An experiment in frustration?

Taking senior moments to extremes I left my bag on the bus this morning. A bag with all my planning and assessments, my all areas school pass, my phone charger and school diary and (possibly most important) lunch and flask of coffee.

Tuesday, of course, is the day that I don’t have a minute to breathe. Teaching from the off, playground duty, then more teaching until lunch. The lost property dept at Arriva buses does not open until the point I was supposed to start teaching.

Squeezing out a bit of time between lessons I manage to get through to a voice recognition software labyrinth which was a bit like being in Phonejacker.

“State clearly the number of the bus that you lost your property on.”

“2 – 5 – 3”

“Did you say..1-6-7? ..say yes or no.”


…and so on for another dozen variations in which the closest it came to what I was saying was 255. But I think this was just a tease. It struck me that, as firms record messages for training purposes, this might be a fiendish practical joke designed to get recordings of people in a state of gradually escalating exasperation. Its hard to believe anyone ever gets through, especially because every time it got it wrong the option to revert to “the operator” just took you back to the beginning of the labyrinth to have another go.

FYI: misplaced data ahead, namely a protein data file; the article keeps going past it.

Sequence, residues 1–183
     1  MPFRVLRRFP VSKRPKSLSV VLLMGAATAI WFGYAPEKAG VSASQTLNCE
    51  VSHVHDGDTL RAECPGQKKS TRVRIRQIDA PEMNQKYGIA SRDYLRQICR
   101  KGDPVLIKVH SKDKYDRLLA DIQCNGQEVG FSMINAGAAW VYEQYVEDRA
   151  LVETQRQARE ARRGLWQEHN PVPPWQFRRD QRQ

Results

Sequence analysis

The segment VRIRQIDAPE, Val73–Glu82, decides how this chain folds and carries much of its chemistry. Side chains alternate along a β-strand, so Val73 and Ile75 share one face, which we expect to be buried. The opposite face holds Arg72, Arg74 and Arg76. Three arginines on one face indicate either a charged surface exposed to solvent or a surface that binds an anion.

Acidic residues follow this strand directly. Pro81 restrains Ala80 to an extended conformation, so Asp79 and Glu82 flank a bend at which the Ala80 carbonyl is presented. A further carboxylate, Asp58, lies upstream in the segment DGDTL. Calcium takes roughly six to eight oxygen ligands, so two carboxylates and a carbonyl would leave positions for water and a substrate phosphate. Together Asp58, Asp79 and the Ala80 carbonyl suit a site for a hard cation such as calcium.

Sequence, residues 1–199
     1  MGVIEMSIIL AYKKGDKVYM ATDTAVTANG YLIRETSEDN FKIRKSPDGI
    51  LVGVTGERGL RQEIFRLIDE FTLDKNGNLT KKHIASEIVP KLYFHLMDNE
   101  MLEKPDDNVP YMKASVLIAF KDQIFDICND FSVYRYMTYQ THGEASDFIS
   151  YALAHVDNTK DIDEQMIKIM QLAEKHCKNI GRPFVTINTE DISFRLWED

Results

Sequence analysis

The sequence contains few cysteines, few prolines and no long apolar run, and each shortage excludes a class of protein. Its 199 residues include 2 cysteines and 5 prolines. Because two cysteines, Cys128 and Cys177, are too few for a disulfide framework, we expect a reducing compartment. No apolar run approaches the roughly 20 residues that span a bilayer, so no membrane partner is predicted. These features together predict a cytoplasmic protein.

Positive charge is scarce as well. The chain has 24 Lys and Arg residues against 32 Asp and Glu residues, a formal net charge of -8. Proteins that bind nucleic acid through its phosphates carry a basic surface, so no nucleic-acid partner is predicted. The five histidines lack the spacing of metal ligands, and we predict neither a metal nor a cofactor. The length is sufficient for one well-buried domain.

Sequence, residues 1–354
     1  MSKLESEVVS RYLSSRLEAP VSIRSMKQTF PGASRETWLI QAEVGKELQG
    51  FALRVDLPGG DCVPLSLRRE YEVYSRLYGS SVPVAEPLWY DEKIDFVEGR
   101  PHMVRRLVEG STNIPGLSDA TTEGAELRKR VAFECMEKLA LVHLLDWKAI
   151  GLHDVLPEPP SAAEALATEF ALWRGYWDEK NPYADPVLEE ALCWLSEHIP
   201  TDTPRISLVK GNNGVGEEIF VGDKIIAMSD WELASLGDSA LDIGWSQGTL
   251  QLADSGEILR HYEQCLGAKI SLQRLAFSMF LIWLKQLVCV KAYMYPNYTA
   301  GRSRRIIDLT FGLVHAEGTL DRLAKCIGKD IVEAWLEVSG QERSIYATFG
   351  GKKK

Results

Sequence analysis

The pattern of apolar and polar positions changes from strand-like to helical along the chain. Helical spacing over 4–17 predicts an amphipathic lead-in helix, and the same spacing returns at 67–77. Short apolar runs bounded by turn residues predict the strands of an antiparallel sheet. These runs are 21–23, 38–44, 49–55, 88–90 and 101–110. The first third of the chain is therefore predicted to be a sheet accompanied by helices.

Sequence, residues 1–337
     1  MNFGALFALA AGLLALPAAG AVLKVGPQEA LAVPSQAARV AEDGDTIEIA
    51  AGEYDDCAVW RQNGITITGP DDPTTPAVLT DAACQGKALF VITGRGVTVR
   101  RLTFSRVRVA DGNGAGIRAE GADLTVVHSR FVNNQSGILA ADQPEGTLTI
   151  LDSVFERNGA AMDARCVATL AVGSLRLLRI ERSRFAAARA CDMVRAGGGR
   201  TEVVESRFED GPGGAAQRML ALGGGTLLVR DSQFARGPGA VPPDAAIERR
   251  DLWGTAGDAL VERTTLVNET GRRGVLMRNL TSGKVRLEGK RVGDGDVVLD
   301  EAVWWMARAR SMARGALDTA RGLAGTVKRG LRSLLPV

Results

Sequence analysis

“Did you say N528?..say yes or no.”


“I didn’t understand what you said….”

Luckily there was a general enquiries email contact somewhere on their website, which responded quickly and gave the address of the bus garage the 253 ends up at. Phoning that was a joy. Straight through to a friendly, slightly sardonic human being at Stamford Hill, who asked me to describe the bag and told me he’d got it. Blessed relief. He was waiting behind his rather cosy, old fashioned bus office desk – a bit like ticket offices used to be  before they went all slick – with a big smile on his face when I went out there after school. I asked if they had a lot of lost bags…”all the time, I’ve had two more since you called”, and held them up like a pair of dead pheasants.





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